To return to traditional art, Perkel states that,

creating knowledge of how the web works is not just an outcome of using the web or theorizing about it. It is a part of what is helping to produce the web in practice…

So according to Perkel, by using, we create; our now is the advent of our cultural heritage – to return to Blank, folklore is now.


Which brings us to Espenschied. Throughout his interview, nuggets of policy wisdom are scattered and two elements in particular highlight the problematic nature of now: the “flimsy” nature of digital culture and the changing story of history. The latter, as Espenschied discusses, is based on the problem faced by preservation frameworks built on the idea of a single creator (generally a white man) doing a thing that is succeeded by someone else (of similar phenotype and gender) doing a related thing. Digital culture is distinctly more diverse and decidedly more collaborative. The former, as was pointed out in class last week, needs only to look to fan-made content to see just how not forever the internet is. Moreover, the rapid development of internet culture, language, and trends compounds vulnerable materiality with quickly forgotten context.

3 Replies to “The Eternal Now: Digital Folk Art and Mass Culture”

  1. First off, here are some citations for the Sherlock Holmes statement, which may not have been verified on Pinterest but has been the subject of much discussion for decades, given the popularity of Doyle’s characters.

    Additionally, a couple points on fanvids — fanworks are very rarely in competition with their original subject matter. They often critique and converse with it, and deep knowledge of the subject matter is often a requirement for full enjoyment of the media, meaning that in many ways they actually boost the sales of media (gotta buy those DVDs to make those <a href=""high-quality vids) and generally increase awareness of and audience for the given fandom(s).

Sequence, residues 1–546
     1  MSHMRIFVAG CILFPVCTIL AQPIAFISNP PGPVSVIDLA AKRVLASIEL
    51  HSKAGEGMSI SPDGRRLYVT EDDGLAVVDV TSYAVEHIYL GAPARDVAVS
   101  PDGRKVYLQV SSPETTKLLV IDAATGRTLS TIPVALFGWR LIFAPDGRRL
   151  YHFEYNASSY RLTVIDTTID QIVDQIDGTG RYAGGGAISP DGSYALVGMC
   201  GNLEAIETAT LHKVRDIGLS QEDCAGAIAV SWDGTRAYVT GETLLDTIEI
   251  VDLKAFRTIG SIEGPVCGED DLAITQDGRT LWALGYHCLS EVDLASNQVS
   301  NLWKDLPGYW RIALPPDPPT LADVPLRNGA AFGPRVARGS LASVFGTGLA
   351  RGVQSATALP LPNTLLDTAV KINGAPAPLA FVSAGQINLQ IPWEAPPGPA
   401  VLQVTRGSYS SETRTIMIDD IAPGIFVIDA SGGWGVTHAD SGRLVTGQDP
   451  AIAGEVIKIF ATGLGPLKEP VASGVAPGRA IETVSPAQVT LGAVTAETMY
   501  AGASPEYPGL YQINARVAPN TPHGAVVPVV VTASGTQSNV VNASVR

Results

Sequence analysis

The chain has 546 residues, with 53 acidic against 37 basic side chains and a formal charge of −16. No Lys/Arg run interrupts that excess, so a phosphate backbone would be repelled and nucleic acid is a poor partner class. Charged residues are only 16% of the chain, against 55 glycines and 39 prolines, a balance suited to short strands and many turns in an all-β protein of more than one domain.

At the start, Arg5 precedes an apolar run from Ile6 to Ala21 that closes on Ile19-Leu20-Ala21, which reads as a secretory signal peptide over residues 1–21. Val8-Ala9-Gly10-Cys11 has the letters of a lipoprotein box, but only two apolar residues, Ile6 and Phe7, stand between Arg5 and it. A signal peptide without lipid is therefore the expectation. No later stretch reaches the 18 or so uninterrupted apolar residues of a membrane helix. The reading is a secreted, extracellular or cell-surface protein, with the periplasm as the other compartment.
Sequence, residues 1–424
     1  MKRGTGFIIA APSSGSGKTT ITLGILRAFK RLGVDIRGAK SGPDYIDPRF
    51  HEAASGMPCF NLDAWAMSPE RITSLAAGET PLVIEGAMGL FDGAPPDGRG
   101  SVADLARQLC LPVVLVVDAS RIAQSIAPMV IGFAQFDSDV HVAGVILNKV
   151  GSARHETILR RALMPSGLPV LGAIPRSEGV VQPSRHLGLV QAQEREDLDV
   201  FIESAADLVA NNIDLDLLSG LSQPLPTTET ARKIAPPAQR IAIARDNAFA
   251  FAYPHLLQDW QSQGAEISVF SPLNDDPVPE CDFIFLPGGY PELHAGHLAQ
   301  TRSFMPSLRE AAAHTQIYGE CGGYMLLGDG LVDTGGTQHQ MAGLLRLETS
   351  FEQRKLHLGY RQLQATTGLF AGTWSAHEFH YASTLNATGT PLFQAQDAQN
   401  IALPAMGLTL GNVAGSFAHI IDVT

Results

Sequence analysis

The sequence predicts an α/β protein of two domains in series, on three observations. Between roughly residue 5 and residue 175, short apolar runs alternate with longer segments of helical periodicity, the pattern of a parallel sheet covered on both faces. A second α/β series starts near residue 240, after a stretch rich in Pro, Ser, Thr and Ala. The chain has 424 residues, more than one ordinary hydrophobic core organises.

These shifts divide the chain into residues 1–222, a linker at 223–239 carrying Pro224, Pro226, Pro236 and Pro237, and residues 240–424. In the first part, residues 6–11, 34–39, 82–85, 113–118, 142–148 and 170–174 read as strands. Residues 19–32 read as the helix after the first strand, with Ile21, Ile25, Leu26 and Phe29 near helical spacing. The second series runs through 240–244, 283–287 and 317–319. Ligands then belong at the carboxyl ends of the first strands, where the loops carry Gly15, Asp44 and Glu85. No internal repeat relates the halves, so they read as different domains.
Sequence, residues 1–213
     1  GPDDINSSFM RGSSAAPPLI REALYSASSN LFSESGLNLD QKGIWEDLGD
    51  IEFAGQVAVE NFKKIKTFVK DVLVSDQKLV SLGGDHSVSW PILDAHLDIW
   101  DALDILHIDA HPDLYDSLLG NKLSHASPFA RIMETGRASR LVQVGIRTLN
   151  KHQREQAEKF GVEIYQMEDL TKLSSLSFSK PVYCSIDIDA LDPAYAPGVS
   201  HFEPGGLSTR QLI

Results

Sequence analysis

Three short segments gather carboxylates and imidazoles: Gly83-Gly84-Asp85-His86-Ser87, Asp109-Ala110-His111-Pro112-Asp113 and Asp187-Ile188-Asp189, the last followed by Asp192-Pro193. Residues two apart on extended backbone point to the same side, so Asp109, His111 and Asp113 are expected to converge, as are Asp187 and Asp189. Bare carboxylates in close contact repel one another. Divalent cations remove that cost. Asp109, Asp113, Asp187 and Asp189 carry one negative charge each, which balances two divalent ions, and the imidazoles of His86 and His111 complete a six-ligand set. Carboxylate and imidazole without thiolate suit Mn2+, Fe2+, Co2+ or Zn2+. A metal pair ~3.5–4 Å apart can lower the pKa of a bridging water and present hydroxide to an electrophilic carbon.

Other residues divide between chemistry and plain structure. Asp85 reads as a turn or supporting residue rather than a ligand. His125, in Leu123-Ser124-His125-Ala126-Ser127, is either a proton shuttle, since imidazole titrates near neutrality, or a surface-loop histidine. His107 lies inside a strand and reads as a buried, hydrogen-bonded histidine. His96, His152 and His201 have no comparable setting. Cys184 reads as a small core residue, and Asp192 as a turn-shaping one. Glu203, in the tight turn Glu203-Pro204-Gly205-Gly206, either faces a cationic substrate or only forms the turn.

Also, as far as the AO3’s Dark Archive goes, recall that it is supposed to work hand-in-hand with the AO3-hosted torrent service, acting as a backup. It is also acting as a repository for items that are currently only available for checkout once a year in a specific physical location. That sounds like the definition of dark archive that I’m aware of.

    As for and ‘fringe’ material, it’s pretty much all at the AO3. banned original fiction, fiction based on real people, and NC-17 fiction due to complaints, presumably from outside sources, similar to Livejournal’s mass banning. But basically each time does something that upsets fans, the AO3 gets another huge boots in user numbers. What may have been considered fringe on FFNet isn’t fringe elsewhere.

    1. When I read the bit about the Sherlock Holmes fan fiction origin, I started thinking to myself, how important is it that we know the genesis of a certain strain of fan fiction or folklore? I suspect this varies from person to person, but it does seem to matter to the SH community. How does the knowledge of ~90 year old fan fiction shape/change our interpretation of this kind of folklore? For me, it adds much deeper significance because it’s not just some passing fad. I also suspect “fan fiction” or reinterpretation/supplemental material to beloved tales in various format is a much older tradition than we realize. I’m curious to see what other folks think.

      Also- can either one of you explain dark archives more? I get the general concept, but I’m curious to know how these are formed and who actually controls them. I didn’t understand that. Also- “It is also acting as a repository for items that are currently only available for checkout once a year in a specific physical location.” –Does this mean only one user checks this out once a year? Apologies for being a little dense on this particular topic.

      1. The SAA definition is a little off the mark from what I’d use, but it’s okay. Basically it’s a locked archive – you put things in but don’t take them out, unless the other possible sources are definitively all gone.

        And what I meant by only able to check out once a year was a reference to the part of the article where Fraimow referred to the Dark Archive hosting/storing the videos from vividcon, which is currently only accessible at the con itself.